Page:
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CFD Analysis and Full Scale Testing of a Complex Auxiliary Power Unit Intake System

[+] Author Affiliations
Bruce Bouldin, Kiran Vunnam

Honeywell Aerospace, Phoenix, AZ

Jose-Angel Hernanz-Manrique, Laura Ambit-Marin

Airbus Industries, Getafe, Spain

Paper No. GT2011-46748, pp. 465-476; 12 pages
doi:10.1115/GT2011-46748
From:
  • ASME 2011 Turbo Expo: Turbine Technical Conference and Exposition
  • Volume 1: Aircraft Engine; Ceramics; Coal, Biomass and Alternative Fuels; Wind Turbine Technology
  • Vancouver, British Columbia, Canada, June 6–10, 2011
  • Conference Sponsors: International Gas Turbine Institute
  • ISBN: 978-0-7918-5461-7
  • Copyright © 2011 by ASME

abstract

Auxiliary Power Units (APU’s) are gas turbine engines which are located in the tail of most commercial and business aircraft. They are designed to provide electrical and pneumatic power to the aircraft on the ground while the main propulsion engines are turned off. They can also be operated in flight, when there is a desire to reduce the load on the propulsion engines, such as during an engine-out situation. Given an APU’s typical position in the back of an airplane, the intake systems for APU’s can be very complex. They are designed to provide sufficient airflow to both the APU and the cooling system while minimizing the pressure losses and the flow distortion. These systems must perform efficiently during static operation on the ground and during flight at very high altitudes and flight speeds. An APU intake system has been designed for a new commercial aircraft. This intake system was designed using the latest Computational Fluid Dynamics (CFD) techniques. Several iterations were performed between the APU supplier and the aircraft manufacturer since each of their components affects the performance of the other. For example, the aircraft boundary layer impacts APU intake performance and an open APU flap impacts aircraft drag. To validate the effectiveness of the CFD analysis, a full scale intake rig was designed and built to simulate the tailcone of the aircraft on the ground. This rig was very large and very detailed. It included a portion of the tailcone and rudder, plus the entire APU and cooling intake systems. The hardware was manufactured out of fiberglass shells, stereolithogrophy components and machined plastic parts. Three different airflows for the load compressor, engine compressor and cooling system had to be measured and throttled. Fixed instrumentation rakes were located to measure intake induced pressure losses and distortion at the APU plenum and cooling ducts. Rotating pressure and swirl survey rakes were located at the load compressor and engine compressor eyes to measure plenum pressure losses and distortion. Static pressure taps measured the flow pattern along the intake and flap surfaces. The intake rig was designed to be flexible so that the impact of rudder position, intake flap position, APU plenum baffle position and compressor airflow levels could be evaluated. This paper describes in detail the different components of the intake rig and discusses the complexity of conducting a rig test on such a large scale. It also presents the impact of the different component positions on intake performance. These results were compared to CFD predicted values and were used to calibrate our CFD techniques. The effectiveness of using CFD for APU intake design and its limitations are also discussed.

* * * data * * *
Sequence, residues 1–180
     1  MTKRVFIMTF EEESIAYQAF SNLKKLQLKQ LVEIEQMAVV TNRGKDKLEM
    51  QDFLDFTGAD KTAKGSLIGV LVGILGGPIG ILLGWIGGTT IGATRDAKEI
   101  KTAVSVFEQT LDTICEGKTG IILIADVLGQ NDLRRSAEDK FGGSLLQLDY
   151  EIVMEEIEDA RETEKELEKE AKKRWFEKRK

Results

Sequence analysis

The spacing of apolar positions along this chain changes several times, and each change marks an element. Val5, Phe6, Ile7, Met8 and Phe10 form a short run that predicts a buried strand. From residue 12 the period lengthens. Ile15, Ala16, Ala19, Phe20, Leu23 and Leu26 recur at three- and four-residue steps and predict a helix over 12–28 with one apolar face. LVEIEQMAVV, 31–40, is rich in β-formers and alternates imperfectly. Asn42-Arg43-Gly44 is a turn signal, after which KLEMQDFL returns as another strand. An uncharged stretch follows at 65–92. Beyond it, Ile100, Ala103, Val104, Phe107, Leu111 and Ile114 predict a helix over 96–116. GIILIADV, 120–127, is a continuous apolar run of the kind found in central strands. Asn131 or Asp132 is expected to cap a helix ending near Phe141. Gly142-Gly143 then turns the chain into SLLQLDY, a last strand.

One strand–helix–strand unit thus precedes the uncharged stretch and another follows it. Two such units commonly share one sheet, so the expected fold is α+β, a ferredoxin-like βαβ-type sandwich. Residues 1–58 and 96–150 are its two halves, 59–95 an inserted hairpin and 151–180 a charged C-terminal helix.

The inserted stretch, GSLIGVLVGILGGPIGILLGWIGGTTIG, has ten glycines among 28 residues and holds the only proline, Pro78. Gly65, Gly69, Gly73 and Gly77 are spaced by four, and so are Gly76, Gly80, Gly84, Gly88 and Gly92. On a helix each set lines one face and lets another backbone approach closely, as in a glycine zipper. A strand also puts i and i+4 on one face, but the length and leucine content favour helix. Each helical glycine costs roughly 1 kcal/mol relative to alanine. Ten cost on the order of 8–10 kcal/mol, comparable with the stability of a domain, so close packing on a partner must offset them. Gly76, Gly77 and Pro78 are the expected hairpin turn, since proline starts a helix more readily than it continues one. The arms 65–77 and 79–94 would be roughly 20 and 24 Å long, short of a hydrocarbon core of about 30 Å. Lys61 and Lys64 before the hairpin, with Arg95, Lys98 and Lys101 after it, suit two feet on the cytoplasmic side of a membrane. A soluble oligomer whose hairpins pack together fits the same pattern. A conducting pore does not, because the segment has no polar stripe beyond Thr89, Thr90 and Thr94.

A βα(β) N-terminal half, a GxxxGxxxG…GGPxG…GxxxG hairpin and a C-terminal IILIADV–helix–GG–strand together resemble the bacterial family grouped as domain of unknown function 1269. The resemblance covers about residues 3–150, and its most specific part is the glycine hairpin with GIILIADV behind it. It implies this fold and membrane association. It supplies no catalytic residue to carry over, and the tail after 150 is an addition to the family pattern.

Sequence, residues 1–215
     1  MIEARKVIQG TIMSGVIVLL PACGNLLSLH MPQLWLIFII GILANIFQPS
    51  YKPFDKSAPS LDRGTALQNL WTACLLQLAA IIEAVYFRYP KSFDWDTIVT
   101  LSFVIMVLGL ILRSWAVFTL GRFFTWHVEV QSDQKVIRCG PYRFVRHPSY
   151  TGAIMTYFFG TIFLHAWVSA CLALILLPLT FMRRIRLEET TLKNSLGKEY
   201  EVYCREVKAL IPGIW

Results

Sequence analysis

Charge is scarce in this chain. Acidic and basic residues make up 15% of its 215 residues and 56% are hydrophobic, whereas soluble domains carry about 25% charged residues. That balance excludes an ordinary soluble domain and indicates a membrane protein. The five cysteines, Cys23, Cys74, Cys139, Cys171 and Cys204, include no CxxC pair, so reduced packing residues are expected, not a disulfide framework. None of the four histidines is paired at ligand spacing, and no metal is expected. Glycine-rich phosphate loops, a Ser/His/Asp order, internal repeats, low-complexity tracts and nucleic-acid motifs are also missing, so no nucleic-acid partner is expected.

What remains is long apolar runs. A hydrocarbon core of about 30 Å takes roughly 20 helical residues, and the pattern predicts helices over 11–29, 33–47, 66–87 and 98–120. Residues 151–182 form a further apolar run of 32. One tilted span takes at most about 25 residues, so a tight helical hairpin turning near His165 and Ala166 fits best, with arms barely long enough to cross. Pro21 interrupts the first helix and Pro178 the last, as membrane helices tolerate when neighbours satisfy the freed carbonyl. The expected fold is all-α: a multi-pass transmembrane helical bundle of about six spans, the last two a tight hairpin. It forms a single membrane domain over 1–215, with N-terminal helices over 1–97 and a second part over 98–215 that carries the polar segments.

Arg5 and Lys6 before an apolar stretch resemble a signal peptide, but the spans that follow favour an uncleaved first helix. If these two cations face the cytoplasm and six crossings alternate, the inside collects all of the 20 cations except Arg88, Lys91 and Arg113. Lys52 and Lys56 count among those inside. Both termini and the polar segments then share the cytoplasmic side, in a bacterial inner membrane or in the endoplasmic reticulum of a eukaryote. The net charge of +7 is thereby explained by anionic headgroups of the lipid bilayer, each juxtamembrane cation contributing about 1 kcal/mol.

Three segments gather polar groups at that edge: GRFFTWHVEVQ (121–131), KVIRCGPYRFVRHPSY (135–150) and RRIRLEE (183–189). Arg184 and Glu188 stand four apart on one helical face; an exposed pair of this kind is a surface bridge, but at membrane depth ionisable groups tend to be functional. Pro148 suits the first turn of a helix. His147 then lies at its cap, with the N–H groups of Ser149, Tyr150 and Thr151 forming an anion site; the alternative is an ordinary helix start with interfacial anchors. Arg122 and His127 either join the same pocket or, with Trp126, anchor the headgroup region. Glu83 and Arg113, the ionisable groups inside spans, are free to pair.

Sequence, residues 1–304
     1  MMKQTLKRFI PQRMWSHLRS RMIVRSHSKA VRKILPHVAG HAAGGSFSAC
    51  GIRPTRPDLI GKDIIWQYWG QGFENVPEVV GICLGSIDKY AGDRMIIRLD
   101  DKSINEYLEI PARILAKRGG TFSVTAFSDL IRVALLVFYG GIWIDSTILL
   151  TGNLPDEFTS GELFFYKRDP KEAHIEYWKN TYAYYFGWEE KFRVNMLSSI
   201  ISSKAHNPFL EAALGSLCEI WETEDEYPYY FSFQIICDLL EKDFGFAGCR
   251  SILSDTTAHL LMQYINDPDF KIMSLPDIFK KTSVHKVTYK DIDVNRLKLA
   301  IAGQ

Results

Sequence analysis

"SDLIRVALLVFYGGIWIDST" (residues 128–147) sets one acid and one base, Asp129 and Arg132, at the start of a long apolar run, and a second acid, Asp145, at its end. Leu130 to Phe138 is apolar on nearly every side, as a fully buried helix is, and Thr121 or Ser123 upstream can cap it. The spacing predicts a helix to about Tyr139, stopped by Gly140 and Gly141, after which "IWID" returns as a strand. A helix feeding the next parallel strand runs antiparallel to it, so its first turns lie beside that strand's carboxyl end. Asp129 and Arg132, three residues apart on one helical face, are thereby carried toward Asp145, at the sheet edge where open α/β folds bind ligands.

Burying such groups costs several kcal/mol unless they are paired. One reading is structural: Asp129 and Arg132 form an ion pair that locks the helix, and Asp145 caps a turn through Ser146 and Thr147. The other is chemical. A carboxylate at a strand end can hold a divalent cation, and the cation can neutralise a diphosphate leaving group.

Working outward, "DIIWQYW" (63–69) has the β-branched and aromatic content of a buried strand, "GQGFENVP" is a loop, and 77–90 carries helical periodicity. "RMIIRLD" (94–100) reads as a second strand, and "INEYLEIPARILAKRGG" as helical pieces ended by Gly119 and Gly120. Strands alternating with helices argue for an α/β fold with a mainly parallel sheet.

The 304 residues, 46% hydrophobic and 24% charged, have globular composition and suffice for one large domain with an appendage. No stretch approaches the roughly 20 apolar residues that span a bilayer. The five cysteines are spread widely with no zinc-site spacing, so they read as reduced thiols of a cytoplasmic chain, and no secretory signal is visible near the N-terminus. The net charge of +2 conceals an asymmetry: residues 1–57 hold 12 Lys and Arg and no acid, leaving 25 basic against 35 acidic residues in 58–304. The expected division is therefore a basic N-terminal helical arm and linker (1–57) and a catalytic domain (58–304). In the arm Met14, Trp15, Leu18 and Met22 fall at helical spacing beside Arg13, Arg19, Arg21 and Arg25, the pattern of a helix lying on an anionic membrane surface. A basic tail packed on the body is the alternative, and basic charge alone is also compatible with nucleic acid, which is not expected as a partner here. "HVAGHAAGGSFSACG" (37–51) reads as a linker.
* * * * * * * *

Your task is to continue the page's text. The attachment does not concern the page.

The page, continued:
Copyright © 2011 by ASME

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